A severe brain insult such as status epilepticus or traumatic brain injury has the potential for producing epilepsy later in life. However, a latent period often occurs between the initial insult and the appearance of spontaneous seizures or epilepsy. The current studies are designed to identify the progressive morphological and biochemical changes that occur following status epilepticus in a mouse model of temporal lobe epilepsy and following traumatic brain injury. Emphasis will be placed on potential changes in chloride transporters that play a major role in regulating neuronal excitability. Immunohistochemical methods with light and confocal microscopy will be used in studies of each model to determine the sequential changes. The first group of studies will identify the normal localization of the two major chloride transporters in the hippocampus and other brain regions that are often involved in temporal lobe epilepsy. A second group of studies will test the hypothesis that expression of the chloride transporters is altered in a mouse model of epilepsy at several time points. These studies will include analyses at short intervals after status epilepticus;during the latent period before spontaneous seizures develop;during the chronic period;and immediately after a spontaneous seizure. The broad hypothesis is that the chloride transporters will be altered in ways that could reduce the effectivenss of GABAergic inhibition in the pilocarpine-treated animals and thus contribute to the development of epilepsy and the initiation of spontaneous seizures. The third group of studies will test the hypothesis that blocking the chloride transporter responsible for moving chloride into neurons will reduce seizure-induced damage of vulnerable neurons in the dentate gyrus. The final group of studies will test the hypothesis that genetic alterations of the GABA system or a chloride transporter can increase hippocampal damage following a mild to moderate traumatic brain injury. The broad goals of the studies are to identify progressive changes that could promote the development of epilepsy following status epilepticus or head trauma and thus provide a basis for designing treatments to prevent such changes.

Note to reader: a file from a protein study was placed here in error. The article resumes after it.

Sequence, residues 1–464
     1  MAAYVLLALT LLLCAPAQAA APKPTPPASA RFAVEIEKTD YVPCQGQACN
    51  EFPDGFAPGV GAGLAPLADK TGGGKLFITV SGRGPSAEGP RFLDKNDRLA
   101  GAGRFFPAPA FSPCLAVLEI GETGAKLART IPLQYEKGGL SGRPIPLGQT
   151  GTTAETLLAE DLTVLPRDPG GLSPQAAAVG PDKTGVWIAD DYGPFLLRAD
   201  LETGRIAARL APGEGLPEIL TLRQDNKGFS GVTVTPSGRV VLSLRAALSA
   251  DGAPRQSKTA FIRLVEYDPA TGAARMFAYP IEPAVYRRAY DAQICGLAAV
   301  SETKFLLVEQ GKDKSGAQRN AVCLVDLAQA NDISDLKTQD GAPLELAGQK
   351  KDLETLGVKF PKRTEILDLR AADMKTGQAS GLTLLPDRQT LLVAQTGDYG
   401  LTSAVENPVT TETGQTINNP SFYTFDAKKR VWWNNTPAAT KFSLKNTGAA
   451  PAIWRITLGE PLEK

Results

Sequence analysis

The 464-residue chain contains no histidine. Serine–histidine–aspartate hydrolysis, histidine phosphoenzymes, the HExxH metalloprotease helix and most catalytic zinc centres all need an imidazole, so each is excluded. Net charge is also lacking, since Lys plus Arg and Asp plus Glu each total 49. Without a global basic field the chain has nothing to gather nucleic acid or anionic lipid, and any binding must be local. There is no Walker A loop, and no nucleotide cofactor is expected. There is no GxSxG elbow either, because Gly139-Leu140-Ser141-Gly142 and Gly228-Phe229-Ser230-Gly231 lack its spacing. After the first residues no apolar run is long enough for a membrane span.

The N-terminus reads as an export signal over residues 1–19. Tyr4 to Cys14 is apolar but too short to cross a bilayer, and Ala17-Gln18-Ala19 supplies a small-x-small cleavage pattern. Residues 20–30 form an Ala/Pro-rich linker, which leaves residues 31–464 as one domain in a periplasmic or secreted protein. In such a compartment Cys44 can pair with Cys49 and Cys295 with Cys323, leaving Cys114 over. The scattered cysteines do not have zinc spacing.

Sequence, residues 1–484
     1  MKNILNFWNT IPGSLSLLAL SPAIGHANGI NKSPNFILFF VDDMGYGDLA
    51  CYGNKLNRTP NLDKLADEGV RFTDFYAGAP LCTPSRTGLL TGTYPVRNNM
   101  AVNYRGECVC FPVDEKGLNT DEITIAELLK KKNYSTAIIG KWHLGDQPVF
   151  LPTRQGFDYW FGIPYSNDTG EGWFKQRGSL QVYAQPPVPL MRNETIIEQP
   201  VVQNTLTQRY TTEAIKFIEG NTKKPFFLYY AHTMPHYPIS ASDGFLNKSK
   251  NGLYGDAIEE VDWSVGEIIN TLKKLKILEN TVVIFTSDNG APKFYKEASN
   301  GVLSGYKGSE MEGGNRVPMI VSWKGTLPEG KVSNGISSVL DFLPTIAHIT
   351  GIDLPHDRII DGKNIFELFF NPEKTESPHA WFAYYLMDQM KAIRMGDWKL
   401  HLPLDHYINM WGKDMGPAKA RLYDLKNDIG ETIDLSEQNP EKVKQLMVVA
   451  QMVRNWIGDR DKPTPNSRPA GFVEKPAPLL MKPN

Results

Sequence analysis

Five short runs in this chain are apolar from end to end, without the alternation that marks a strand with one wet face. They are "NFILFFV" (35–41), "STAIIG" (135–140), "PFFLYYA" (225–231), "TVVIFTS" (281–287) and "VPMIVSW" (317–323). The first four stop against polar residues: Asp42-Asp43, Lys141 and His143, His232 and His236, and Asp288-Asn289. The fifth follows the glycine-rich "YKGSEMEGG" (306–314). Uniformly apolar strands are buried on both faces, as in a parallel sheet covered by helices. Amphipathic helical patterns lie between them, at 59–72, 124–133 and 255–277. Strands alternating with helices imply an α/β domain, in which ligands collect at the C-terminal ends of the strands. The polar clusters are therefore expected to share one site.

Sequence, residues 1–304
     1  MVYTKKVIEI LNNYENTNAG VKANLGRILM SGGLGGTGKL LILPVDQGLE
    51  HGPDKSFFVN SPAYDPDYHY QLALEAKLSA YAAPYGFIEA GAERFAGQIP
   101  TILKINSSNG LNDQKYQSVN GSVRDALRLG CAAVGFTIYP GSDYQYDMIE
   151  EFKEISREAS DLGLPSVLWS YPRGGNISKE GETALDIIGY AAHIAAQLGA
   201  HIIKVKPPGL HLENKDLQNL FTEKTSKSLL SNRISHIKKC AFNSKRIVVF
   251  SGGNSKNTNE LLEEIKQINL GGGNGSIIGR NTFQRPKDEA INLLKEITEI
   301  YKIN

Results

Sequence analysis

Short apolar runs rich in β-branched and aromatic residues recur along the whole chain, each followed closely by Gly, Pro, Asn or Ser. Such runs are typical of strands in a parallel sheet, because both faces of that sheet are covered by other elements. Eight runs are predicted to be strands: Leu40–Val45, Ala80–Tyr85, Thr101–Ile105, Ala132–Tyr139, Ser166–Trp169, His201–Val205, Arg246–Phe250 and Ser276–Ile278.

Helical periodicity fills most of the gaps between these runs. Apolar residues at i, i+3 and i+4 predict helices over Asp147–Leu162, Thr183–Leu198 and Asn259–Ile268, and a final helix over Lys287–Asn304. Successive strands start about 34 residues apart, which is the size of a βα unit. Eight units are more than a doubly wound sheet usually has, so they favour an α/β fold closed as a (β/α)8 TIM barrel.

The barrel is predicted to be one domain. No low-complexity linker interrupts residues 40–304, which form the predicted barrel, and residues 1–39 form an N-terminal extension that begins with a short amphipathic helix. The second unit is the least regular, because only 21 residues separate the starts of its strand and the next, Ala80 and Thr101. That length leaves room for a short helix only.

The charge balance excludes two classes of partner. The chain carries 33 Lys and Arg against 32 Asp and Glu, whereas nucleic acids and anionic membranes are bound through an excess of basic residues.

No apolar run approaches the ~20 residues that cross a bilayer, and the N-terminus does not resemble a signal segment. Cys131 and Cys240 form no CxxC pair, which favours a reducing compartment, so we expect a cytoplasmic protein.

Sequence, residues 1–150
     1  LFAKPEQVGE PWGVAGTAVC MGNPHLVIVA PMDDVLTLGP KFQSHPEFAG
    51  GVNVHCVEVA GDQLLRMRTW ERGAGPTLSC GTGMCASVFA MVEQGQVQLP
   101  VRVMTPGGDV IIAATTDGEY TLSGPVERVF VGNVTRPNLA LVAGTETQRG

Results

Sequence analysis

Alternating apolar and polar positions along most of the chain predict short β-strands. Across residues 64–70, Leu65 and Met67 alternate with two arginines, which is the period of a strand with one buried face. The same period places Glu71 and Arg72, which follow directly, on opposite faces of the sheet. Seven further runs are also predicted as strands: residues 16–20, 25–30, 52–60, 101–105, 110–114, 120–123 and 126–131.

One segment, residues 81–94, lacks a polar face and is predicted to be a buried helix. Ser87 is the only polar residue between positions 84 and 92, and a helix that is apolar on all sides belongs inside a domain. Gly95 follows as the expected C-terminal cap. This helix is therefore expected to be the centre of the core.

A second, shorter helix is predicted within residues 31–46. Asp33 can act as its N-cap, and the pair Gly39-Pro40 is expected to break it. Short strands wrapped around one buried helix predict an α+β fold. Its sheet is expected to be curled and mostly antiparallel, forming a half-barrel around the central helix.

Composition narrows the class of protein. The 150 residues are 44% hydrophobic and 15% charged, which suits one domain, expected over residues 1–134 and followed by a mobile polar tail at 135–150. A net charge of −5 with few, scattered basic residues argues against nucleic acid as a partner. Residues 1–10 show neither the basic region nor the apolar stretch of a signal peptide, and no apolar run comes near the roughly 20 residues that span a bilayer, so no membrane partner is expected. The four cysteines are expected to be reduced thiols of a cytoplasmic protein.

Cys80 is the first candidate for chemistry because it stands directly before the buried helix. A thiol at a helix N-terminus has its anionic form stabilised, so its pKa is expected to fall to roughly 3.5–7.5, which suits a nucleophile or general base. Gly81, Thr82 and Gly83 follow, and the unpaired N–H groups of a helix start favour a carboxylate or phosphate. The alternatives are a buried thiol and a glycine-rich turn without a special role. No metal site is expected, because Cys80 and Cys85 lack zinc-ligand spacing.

Public Health Relevance

Relevance to Veterans Health Status epilepticus as well as other acute brain insults, such as head trauma, are serious health problems that affect many Veterans. Although the causes may vary, a concern in each case is the possible development of epilepsy following recovery from the initial brain insult. Basic research is needed to identify progressive changes in the brain that occur following the injury in order to develop preventive treatment. The studies will focus on changes in the GABA system, a major neurotransmitter system in the brain, and chloride (Cl-) transporters that control the level of intracellular Cl- and thus help determine how effective the GABA system will be in controlling seizure activity. The goal of the proposed studies is to identify underlying factors which could contribute to loss of neurons and seizure development following status epilepticus and traumatic brain injury. Identifying such factors could lead to the development of new treatment strategies.

National Institute of Health (NIH)
Veterans Affairs (VA)
Non-HHS Research Projects (I01)
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Neurobiology C (NURC)
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VA Greater Los Angels Healthcare System
Los Angeles
United States
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